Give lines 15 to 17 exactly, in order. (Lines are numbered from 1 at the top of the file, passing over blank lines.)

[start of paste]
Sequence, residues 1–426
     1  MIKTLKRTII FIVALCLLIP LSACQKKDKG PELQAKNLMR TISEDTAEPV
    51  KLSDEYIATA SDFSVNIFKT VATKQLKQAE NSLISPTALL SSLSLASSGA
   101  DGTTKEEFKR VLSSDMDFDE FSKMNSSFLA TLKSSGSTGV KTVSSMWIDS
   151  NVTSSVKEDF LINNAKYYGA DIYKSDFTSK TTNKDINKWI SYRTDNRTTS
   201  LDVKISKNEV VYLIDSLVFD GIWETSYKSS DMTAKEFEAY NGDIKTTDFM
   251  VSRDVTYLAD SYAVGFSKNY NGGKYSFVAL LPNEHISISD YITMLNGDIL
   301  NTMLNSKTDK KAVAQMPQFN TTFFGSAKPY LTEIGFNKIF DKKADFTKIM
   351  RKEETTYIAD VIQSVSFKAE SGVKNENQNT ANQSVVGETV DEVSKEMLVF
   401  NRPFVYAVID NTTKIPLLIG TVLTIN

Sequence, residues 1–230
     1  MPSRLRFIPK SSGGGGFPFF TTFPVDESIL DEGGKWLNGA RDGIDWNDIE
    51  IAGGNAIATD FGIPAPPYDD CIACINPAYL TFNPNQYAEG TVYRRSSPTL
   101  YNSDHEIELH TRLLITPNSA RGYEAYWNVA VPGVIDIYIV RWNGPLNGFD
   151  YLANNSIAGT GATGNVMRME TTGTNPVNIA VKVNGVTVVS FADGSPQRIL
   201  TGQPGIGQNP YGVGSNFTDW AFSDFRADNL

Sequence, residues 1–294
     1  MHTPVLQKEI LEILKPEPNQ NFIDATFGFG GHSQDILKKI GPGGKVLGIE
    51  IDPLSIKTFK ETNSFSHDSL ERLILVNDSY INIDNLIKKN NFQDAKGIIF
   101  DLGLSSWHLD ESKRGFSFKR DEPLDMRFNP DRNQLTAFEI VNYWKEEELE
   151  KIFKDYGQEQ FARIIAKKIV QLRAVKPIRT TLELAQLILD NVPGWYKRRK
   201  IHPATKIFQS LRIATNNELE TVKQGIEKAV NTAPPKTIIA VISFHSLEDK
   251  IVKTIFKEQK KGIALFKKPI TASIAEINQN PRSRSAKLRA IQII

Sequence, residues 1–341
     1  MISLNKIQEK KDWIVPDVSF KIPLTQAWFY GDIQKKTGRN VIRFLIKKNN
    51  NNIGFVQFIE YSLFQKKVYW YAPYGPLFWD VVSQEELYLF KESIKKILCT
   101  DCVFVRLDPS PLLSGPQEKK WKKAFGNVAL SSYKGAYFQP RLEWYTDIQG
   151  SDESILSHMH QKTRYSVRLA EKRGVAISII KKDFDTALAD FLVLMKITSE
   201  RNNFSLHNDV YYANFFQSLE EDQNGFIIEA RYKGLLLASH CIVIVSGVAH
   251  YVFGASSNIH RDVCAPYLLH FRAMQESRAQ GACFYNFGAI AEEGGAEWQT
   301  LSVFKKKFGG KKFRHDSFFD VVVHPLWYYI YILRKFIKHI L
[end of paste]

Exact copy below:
   151  YLANNSIAGT GATGNVMRME TTGTNPVNIA VKVNGVTVVS FADGSPQRIL
   201  TGQPGIGQNP YGVGSNFTDW AFSDFRADNL

Sequence, residues 1–294